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Taiwan: Greenpeace report reveals case studies of alleged forced labour on shipping vessels linked to Fong Chun Formosa Fishery (FCF)

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30 May 2018

'Slavery on an industrial scale' in fishing industry

Author: Radio New Zealand

27 May 2018

A private investigator...found harrowing slavery on an industrial scale when he looked into the actions of international fishing fleets...[he] is the lead investigator for a Greenpeace...report on fishing boats.

It found workers are promised good wages but many are at sea for months or years working long hours, earning 15 New Zealand cents an hour...consumers and politicians must put pressure on retailers to find out where their tuna is coming from...

Transshipment at sea is an issue that Greenpeace want to see eliminated from the supply chain as it enables...human rights abuses...

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24 May 2018

FCF Statement On Recent Greenpeace Allegations

Author: F.C.F. Fishery

…“We realize that as one of the world’s largest marine products integrated supply chain service providers…we are a prime target for organizations seeking to garner publicity and those not fully aware of the latest development and improvements that are currently taking place in the fishery industry. However, in their efforts to curb egregious human rights abuses, we believe it is unfair and deceptive to lump our company in with those who condone cruelty and neglect of their laborers.

Although we recognize the meaningful work of Greenpeace in exposing and eliminating human trafficking and sustainability abuses, we are equally disappointed that they are implicating FCF in old incidents and cases that have since been in all instances addressed in coordination with the Taiwanese Fisheries Department.

As our work over the past five years has demonstrated, FCF places a high priority on social responsibility and environmental sustainability. Working closely with our partners, and a global third-party compliance and social accountability firm, we require our associated fleet to formally agree to meet or exceed the standards of our Social Accountability Code of Conduct. Despite considerable challenges related to our supply chains and eclectic providers, FCF is on the forefront of ensuring we meet relevant social responsibility and sustainability standards.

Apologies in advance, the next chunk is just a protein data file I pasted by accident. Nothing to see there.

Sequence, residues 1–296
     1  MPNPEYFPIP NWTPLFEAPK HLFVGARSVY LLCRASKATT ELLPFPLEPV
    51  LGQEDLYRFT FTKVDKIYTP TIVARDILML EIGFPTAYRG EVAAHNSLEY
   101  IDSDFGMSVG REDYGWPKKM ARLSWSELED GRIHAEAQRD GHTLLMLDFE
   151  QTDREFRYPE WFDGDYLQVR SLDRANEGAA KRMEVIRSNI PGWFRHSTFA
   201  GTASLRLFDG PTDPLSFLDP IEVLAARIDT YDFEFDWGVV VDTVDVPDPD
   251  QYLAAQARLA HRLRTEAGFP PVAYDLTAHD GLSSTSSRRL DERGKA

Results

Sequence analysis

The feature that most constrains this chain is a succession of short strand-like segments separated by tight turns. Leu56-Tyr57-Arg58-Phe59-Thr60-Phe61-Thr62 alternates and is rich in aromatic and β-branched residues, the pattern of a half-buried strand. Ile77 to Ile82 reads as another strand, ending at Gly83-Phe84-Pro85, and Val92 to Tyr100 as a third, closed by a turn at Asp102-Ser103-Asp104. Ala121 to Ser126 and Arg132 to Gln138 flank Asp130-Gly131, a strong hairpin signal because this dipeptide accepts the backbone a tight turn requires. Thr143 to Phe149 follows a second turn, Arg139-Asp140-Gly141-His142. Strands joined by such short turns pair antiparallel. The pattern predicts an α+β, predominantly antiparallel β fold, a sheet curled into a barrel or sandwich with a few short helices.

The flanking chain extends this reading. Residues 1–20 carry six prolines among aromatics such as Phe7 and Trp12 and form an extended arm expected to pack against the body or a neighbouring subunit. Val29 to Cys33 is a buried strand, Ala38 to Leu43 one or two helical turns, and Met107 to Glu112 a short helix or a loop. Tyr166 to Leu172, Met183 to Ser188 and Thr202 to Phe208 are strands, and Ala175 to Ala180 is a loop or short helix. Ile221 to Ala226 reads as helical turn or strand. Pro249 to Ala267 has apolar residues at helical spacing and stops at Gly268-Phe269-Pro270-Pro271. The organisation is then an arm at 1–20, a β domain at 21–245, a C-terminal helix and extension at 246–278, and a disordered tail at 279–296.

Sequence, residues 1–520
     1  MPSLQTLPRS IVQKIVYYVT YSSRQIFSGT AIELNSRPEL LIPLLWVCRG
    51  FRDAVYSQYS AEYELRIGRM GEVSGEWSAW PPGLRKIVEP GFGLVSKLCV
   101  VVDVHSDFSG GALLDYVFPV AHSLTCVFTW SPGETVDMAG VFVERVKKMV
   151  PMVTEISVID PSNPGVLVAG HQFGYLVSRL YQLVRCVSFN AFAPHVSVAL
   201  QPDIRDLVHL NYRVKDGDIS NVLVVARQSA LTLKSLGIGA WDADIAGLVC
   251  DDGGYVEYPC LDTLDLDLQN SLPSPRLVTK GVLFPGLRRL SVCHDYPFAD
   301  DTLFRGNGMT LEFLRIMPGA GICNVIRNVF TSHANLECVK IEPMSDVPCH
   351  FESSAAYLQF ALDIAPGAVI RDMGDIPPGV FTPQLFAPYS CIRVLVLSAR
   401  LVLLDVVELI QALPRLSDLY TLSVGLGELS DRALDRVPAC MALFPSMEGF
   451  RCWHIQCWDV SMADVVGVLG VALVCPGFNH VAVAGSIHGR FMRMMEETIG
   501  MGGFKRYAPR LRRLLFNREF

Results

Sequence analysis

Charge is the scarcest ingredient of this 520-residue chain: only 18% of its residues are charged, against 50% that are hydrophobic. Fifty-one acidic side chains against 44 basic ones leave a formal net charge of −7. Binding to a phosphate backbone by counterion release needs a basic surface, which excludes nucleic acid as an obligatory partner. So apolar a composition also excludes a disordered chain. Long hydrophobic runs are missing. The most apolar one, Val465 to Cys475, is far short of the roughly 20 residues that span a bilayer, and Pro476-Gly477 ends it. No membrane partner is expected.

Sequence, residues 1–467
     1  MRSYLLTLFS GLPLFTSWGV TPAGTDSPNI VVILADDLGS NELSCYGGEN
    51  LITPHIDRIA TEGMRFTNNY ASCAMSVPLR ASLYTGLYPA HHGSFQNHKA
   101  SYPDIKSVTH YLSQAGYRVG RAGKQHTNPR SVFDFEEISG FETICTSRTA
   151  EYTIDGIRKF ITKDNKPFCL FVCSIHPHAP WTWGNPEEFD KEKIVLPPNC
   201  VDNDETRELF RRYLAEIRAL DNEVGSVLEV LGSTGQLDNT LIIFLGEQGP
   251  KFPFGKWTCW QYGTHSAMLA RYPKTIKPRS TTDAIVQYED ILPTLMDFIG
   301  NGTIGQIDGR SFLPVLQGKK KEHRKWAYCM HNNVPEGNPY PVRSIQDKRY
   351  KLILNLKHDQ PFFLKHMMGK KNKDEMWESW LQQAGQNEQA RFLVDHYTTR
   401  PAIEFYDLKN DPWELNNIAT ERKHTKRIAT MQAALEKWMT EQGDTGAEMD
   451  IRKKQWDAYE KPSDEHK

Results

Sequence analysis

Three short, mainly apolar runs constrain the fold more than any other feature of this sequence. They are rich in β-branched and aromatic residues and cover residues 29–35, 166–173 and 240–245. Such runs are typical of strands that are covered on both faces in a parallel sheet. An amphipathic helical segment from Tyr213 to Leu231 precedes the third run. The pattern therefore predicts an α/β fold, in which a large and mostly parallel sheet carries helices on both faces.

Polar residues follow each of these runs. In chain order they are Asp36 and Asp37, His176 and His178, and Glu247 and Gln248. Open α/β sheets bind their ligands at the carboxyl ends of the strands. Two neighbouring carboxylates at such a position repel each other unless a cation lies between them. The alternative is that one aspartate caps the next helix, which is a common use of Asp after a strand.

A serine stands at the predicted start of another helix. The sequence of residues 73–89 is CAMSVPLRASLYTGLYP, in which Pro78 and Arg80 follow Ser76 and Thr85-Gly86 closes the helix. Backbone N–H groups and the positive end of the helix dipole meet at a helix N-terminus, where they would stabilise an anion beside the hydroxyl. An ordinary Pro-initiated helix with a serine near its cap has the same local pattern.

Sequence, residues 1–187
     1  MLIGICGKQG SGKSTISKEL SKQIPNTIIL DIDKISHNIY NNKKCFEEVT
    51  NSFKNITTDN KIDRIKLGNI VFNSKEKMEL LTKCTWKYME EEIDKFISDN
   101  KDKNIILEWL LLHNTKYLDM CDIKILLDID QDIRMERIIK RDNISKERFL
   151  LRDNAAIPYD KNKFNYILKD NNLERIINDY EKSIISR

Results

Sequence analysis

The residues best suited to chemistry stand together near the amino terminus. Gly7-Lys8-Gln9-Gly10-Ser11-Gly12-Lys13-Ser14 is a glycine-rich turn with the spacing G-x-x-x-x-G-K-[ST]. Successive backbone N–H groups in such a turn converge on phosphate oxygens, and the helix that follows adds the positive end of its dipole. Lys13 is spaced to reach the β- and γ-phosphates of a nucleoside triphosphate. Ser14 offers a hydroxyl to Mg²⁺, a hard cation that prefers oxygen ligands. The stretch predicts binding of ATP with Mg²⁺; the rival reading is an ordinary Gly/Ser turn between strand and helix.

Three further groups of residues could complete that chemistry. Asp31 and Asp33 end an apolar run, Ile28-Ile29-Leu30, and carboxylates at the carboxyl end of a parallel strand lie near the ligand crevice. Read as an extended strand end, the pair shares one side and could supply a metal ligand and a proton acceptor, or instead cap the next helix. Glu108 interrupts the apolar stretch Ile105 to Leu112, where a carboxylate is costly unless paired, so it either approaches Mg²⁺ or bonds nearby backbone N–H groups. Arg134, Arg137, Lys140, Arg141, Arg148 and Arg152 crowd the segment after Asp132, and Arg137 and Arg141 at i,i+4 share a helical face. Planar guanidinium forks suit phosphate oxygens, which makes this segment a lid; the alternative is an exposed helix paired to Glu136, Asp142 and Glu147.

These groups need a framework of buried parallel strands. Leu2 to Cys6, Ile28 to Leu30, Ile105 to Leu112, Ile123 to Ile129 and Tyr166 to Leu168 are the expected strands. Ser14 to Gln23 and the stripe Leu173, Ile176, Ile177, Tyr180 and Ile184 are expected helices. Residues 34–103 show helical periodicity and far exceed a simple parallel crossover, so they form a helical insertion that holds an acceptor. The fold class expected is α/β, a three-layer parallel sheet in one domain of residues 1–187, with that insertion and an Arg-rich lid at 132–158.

There is always room for improvement, and even a single case of alleged abuse is too many. FCF remains committed to leading our industry’s social responsibility effort, and to ensuring respect for all fishing laborers. We welcome anyone who has questions about our work approach, partners, policies, or practices to contact us directly, as we have welcomed dialogue with Greenpeace and other stakeholders.

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23 May 2018

Taiwanese seafood giant linked to human rights violations

Author: Greenpeace International

New evidence released today links human rights abuses to Taiwan’s international fishing fleet, including major seafood trader Fong Chun Formosa Fishery Company (FCF). This has serious implications for its global supply chains, and exposes the ongoing failure of the Taiwan government’s approach to address human trafficking and labor abuse…

In the Greenpeace East Asia report, Misery at Sea…evidence provided by local Taiwanese labor rights group, Yilan Migrant Fishermen Union, shocking new photo and video material was uncovered relating to the death of Indonesian fisherman Supriyanto…[who] died in agony just four months after starting work on the Taiwanese vessel, Fu Tsz Chiun. The harrowing images show Supriyanto had been beaten and abused, yet Taiwanese authorities failed to properly investigate his death and there was no prosecution but unconvincing conclusion…

In another investigation, prison-based interviews shine a new light on the 2016 murder of the Captain of the Vanuatu flagged Taiwanese owned vessel, Tunago No. 61. Speaking with the six convicted crew members, Greenpeace investigators learnt that in the days and months leading up to the Captain’s murder, the crew were frequently forced to work 20 hours a day and seven days a week, faced repeated physical violence and verbal abuse, sleep deprivation, a lack of adequate sustenance, discrimination, and were scared for their lives…

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